I’m too fat. I’m too skinny. I’m too ugly. My teeth are too crooked. My skin is too wrinkly.
I’m too stupid. I’m too useless. I’m too weak.
I’m too far gone. I’m too late. I’ve done too many bad things.
Do some of these “I’m too ______”s seem familiar? What are some of these sorts of statements that you tell yourself? It might not even be consciously, but you probably say something negative to yourself – and sometimes even out loud to others. I don’t know anyone who doesn’t say some variety of these statements. But let’s be honest. Almost all of them are lies in the name of self-deprecation, self-pity, or just self-hate.
Let’s talk about lies for a few weeks – lies that we tell ourselves – lies we allow ourselves to believe. We take them in and they begin to root themselves as truth in the center of our minds. After a while, they begin to control us. They take over our lives and impact our relationship with ourselves and our relationships with others. They change the way we view ourselves, when they have no right to do so.
Here are five true statements to help you (and me) combat the lies that we tell ourselves every day:
1) How we see ourselves is hardly EVER how others see us.
I’ve always had this weird idea that I was bigger than anyone thought I was. When I walk around, sometimes I feel like people have to go around me because, in my mind, I’m three times wider than I actually am. But everyone has always told me how small I am. People don’t view me as fat. It’s all a lie I tell myself to make me feel bad.
There have been many people I’ve known that think they are too skinny. When they say that, I’m surprised because I’ve never thought of them that way. The same with people that tell me they’re fat.
Most human beings (the halfway decent ones at least) don’t look at other people and judge them for how they look. We should see beauty in each other. If they do view us a certain way, it’s probably because they are insecure with themselves, or because they are just plain mean.
Don’t tell yourself something another person wouldn’t tell you.
2) Repeating lies to myself will only make me feel worse.
Science tells us that when we think negatively, we slow down certain parts of the brain. We need optimism if we want to thrive. By believing that you are too _____, you allow that negative thinking to cloud other aspects of your life – your health, in particular. You make yourself more prone to depression, loneliness, as well as to other physical effects of stress.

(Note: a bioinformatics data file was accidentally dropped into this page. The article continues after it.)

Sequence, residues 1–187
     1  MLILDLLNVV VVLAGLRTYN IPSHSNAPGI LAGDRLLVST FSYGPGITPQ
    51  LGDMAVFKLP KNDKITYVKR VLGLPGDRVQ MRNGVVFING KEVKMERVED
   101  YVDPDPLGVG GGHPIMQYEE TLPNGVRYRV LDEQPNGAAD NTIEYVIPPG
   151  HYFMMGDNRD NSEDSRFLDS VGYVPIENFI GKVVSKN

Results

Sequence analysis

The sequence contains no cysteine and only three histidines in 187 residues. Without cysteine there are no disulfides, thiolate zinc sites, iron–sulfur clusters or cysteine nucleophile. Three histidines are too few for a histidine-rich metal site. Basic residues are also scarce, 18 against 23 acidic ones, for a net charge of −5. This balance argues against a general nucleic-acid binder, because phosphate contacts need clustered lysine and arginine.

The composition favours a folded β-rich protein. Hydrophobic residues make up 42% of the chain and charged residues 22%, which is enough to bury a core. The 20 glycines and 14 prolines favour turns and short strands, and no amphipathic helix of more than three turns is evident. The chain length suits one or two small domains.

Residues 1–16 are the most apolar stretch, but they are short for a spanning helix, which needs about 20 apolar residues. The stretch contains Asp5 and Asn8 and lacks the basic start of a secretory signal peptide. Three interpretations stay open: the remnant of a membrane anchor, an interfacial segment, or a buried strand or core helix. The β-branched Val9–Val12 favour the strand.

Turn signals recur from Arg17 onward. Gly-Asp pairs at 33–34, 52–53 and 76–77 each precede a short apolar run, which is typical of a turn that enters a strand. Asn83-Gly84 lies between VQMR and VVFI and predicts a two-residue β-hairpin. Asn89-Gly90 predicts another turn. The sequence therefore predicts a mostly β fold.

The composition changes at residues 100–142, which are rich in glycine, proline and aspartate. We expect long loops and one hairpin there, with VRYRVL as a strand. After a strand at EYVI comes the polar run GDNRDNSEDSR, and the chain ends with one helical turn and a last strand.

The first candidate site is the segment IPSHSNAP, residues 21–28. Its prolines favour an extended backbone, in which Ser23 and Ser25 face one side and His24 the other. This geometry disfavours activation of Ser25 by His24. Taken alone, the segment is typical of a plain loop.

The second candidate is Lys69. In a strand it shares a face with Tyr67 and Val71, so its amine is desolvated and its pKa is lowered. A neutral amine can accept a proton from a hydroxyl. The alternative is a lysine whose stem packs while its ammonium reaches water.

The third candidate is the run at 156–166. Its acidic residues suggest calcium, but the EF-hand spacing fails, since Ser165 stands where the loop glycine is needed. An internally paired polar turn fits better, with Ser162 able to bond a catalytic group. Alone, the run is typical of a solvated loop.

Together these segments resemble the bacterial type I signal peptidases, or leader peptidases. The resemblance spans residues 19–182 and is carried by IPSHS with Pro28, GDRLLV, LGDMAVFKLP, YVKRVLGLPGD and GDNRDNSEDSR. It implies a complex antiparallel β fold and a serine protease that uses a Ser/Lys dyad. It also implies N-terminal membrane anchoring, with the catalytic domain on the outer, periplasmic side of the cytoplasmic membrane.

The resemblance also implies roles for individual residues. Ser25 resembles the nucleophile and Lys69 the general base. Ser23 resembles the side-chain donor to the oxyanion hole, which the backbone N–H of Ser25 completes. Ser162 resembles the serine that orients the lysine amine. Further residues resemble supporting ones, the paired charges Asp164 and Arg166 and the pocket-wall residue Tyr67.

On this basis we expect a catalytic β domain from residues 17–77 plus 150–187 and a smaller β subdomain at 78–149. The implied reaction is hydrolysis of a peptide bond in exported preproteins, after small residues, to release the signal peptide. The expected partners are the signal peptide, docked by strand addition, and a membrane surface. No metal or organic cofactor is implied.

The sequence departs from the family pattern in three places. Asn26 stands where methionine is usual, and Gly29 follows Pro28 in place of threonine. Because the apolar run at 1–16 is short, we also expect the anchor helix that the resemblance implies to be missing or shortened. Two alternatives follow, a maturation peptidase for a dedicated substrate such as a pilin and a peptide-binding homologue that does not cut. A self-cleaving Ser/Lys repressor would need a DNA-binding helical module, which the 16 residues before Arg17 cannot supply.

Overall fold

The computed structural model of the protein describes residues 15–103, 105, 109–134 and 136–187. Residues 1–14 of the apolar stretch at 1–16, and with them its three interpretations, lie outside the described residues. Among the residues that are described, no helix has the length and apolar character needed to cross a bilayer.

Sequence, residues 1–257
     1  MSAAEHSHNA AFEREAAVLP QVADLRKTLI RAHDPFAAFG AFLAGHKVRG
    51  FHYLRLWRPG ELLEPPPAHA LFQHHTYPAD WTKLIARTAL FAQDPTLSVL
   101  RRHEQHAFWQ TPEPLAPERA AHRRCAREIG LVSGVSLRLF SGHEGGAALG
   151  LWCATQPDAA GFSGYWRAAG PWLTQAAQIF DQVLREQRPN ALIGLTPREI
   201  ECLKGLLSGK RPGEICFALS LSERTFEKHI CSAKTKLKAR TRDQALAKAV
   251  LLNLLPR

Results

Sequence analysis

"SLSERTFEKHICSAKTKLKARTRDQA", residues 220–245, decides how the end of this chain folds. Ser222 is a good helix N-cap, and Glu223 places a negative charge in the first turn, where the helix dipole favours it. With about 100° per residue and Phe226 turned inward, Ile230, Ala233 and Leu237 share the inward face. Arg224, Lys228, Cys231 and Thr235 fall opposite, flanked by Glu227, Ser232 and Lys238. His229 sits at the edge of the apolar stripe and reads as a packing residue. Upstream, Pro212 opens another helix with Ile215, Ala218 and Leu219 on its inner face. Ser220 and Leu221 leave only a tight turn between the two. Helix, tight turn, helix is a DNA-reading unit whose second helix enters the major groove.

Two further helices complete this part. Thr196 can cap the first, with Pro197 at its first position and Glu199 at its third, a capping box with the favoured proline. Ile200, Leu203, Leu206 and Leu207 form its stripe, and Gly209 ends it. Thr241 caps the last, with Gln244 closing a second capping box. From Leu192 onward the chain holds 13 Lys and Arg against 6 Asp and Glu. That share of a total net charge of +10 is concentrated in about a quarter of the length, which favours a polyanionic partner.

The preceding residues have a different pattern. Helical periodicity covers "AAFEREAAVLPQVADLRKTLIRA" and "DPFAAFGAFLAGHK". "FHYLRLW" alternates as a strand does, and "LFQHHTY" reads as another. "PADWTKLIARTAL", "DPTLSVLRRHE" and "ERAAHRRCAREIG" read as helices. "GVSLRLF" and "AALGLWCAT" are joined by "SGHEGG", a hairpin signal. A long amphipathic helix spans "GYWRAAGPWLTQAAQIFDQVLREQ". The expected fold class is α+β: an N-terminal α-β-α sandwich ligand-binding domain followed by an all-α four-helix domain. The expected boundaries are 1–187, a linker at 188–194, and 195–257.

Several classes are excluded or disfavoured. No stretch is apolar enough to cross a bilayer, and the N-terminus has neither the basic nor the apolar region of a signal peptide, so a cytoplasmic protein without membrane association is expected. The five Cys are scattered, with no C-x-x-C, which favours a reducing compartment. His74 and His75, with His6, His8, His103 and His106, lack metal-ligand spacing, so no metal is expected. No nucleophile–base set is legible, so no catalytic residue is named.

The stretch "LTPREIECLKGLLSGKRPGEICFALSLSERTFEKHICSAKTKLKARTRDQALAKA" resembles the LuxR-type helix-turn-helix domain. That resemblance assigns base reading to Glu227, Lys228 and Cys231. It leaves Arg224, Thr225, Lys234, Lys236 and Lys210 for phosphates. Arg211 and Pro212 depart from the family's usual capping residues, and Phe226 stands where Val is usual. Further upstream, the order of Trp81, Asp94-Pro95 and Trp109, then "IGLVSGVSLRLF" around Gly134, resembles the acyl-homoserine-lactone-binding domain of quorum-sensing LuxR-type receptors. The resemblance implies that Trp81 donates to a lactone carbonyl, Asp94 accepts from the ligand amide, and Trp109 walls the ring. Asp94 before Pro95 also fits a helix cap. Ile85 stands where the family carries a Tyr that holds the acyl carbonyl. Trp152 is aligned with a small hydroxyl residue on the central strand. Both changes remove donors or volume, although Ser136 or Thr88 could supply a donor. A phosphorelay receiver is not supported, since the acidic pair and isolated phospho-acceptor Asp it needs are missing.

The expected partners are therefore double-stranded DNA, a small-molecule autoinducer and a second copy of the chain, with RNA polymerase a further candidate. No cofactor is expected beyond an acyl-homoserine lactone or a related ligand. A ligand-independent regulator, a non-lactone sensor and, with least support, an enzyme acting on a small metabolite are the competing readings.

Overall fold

Don’t make yourself feel worse. You don’t need that. You don’t deserve that. And that, my friend, is the truth.
3) I don’t want people to lie to me. So, I shouldn’t be lying to myself.
We’ve all known liars. From our youngest years, people have lied to us – whether it be about the Easter Bunny or about something more serious (sorry, Easter Bunny). It’s not cool. Again, you do not deserve to be lied to no matter who you are or what you’ve done.
We don’t like when people straight-up lie to us, but we don’t give ourselves the respect we want from others. That’s not fair, is it?
4) Self-harm begins with lying to yourself.
You don’t do good to yourself by allowing your inner voice to put you down. It’s a form of self-harm to lie to yourself. Do you feel good when you tell yourself that you have too many freckles – that your arm is too flappy? No. No, you don’t. I don’t.
When you tell yourself unnecessary lies, you hurt yourself. And when you hurt yourself, you hurt your family. You hurt your friends. It’s a downward spiral that we all need to look out for and get out of before we get trapped.
Let’s not dwell in self-deception. Let’s not live in self-pity. Find a truth and make yourself feel better. You have beautiful eyes. Your hair has a nice colour to it. You take care of yourself and you look good naturally.
5) Taking a step back from the mirror might reveal some reality.
I’ve caught myself at times looking in the mirror, using a mental microscope, scouring my body for any and every so-called imperfection. I get closer to the mirror and all I see is that one blackhead, that one pimple, that one stretch mark, etcetera.
But, I’ve learned to take a step back. To look at all of me. My worth is not revealed by that blackhead or that stretchmark – not by the bags under my eyes or the fat on my abdomen. My worth is in who I am. When I take a step back and see all of me, I let myself think that I am beautiful. A work of art. I let myself think of the good inside of me and how my smile can send joy to others. Who I am and what I look like is my story to others.
Take a step back. Look at yourself. Love yourself. You have so much to give. We just have to stop believing the lies.
You’re not too anything. You may be medically obese or medically underweight. That just means you need to take care of yourself. But it doesn’t define who you are as a person. You are a human being. As such, you are wonderful.
I’m sitting in a café right now and I count forty-six people. Not one of them is ugly. As I look around, I see beauty in all of them, joy in some faces and stress in others. Some are laughing, a little child is screaming, many are wrapped up in gossip and still others are simply enjoying the friendship that goes with stopping in the middle of the day for a cup of coffee and a chat. None of them, no matter their size, are too anything. They are just right in themselves. And I believe that to be the truth.
Change and happiness will come when you simply tell yourself the truth: You have beauty. You have worth. You are a work of art. If someone painted you and put that painting in a museum, you would not be passed by. The truth is that there is an art to every person. Believe in that.